By Jets Overhead
As the heat of another summer fades away and the clouds roll in, Vancouver Island's Jets Overhead provide the perfect soundtrack to your new friend, the bittersweet malaise. They fuse the wistful, downbeat element of early Dandy Warhols records (less the postured sneering) and the more traditional West Coast country rock sound based on vocal harmonies. Think Flying Burrito Brothers. Think Eagles.
Lead singer Adam Kittredge's aching but pure tone is often echoed but comes alive most when offset and undercut by the more fragile Antonia Freybe-Smith. Whereas he typically plays the part of the abandoned lover, forlorn and growing sour, she senses the growing separation but cannot convince herself to retrace her steps. "Off in the distance / There's no assistance, straight" she worries to herself on 'Seems So Far', there's enough to suggest her past has forced her hand leaving him sitting at home waiting for her call ["That man called again baby / Told him that you weren't here."]. Tellingly there's no overlap between their stories apart from Kittredge's yearning ["Oh you seem so far away / Where'd you go my love again today?"].
And so it goes. Kittredge's bipolar reactions alternating between trying to get her back ('Shadow Knows') and scoffing at what she's become ("Lip-synch to her song / She's the only one who isn't singing along" from 'Life's A Song').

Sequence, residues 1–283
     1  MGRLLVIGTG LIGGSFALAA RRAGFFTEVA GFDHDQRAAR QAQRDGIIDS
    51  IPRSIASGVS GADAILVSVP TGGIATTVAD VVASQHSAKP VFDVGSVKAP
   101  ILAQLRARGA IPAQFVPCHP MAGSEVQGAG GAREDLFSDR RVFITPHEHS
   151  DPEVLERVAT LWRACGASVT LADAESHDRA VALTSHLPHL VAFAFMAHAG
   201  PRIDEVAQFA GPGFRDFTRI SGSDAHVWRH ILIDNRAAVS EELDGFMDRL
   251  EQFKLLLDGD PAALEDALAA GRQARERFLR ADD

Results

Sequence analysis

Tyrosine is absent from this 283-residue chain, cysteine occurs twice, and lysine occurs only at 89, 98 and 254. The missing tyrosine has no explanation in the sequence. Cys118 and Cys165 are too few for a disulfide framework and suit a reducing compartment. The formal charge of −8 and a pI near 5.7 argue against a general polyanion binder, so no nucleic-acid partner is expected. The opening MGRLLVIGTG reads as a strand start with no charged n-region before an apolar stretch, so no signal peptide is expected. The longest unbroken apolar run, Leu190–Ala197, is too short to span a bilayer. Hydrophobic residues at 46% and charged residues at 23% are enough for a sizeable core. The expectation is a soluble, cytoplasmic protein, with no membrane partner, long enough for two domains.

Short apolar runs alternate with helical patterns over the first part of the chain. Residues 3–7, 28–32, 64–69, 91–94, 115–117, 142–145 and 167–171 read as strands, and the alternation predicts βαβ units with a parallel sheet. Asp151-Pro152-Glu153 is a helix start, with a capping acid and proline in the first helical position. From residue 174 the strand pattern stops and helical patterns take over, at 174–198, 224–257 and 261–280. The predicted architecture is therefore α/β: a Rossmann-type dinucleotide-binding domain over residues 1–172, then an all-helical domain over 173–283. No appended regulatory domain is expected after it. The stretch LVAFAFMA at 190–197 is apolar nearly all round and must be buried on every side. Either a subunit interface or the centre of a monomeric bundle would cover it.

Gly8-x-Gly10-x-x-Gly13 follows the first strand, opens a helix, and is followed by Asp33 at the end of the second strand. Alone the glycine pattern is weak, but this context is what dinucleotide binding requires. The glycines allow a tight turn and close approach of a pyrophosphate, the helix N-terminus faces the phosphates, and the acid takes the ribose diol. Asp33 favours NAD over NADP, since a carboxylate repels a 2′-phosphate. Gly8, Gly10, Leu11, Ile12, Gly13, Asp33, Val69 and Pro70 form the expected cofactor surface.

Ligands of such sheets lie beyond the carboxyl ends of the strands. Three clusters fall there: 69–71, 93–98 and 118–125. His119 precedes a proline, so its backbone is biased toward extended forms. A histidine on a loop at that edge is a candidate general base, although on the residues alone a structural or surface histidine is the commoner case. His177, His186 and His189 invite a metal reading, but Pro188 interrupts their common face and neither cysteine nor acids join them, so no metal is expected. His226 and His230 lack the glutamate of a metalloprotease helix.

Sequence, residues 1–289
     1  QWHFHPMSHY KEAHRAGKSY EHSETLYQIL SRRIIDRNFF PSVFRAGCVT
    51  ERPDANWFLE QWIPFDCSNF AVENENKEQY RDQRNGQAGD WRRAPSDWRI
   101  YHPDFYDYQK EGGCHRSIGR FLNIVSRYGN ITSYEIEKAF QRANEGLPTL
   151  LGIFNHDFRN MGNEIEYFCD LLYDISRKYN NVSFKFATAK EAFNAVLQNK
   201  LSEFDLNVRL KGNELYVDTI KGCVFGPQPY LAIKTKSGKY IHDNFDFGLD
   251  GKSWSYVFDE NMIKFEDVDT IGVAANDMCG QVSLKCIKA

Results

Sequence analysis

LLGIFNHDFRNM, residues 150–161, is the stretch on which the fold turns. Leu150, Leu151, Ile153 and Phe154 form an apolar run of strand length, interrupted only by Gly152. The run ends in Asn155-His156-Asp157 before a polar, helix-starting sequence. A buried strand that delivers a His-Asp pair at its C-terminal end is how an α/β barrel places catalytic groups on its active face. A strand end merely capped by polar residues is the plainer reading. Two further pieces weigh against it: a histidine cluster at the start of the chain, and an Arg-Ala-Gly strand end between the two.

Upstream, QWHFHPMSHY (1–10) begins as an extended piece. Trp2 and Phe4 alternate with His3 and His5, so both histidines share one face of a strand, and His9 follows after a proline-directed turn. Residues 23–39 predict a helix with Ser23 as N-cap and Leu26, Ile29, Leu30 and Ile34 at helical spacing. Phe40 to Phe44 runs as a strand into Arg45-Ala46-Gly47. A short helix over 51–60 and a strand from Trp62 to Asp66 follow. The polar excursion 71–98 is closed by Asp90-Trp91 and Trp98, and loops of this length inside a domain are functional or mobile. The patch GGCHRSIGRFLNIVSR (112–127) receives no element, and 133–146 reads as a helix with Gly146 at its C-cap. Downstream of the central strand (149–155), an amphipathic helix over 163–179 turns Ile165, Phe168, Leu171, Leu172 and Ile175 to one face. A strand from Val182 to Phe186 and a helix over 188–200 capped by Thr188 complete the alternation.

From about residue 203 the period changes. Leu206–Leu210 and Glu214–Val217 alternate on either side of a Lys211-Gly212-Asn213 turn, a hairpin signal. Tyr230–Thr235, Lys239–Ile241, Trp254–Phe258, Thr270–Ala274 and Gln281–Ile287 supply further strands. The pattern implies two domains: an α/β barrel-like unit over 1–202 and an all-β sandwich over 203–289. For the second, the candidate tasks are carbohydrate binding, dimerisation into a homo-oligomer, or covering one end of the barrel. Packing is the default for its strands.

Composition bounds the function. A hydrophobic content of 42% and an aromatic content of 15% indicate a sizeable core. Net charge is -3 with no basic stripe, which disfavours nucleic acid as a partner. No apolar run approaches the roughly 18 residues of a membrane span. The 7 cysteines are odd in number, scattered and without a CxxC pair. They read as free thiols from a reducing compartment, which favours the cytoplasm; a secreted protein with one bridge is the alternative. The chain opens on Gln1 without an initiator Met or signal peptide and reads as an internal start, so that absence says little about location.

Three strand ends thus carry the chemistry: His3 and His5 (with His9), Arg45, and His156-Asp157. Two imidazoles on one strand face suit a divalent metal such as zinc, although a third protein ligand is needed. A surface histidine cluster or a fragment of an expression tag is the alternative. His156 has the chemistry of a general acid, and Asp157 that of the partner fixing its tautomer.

All of the tracks featured are strong enough to stand on their own as singles. 'Life's A Song' is the weakest but still catchy enough mainly due to its stomping drumline and falsetto vocals. Probably their best is 'Shadow Knows'. It starts out with a lone guitar, and they build it up piece-by-piece until Kittredge pops a vein and lets it bleed all over the chorus ["But I don't mind / I never do / Lost all of the time / I'm just like you"]. They lure you in on the promise of a good time and end up crying on your shoulder.
Before you know it September's here. I can't help being haunted by pangs of regret as Kittredge falls away, almost unable to complete his sentence: "Sitting here watching the sun go... Sitting here watching the sun go down." Tick tock.